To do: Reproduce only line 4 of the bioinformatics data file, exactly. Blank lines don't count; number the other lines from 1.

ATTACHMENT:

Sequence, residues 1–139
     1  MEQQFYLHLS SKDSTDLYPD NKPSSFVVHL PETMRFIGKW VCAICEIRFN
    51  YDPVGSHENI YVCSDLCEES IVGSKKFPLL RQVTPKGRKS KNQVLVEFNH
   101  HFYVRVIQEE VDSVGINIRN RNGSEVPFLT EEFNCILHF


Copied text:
   101  HFYVRVIQEE VDSVGINIRN RNGSEVPFLT EEFNCILHF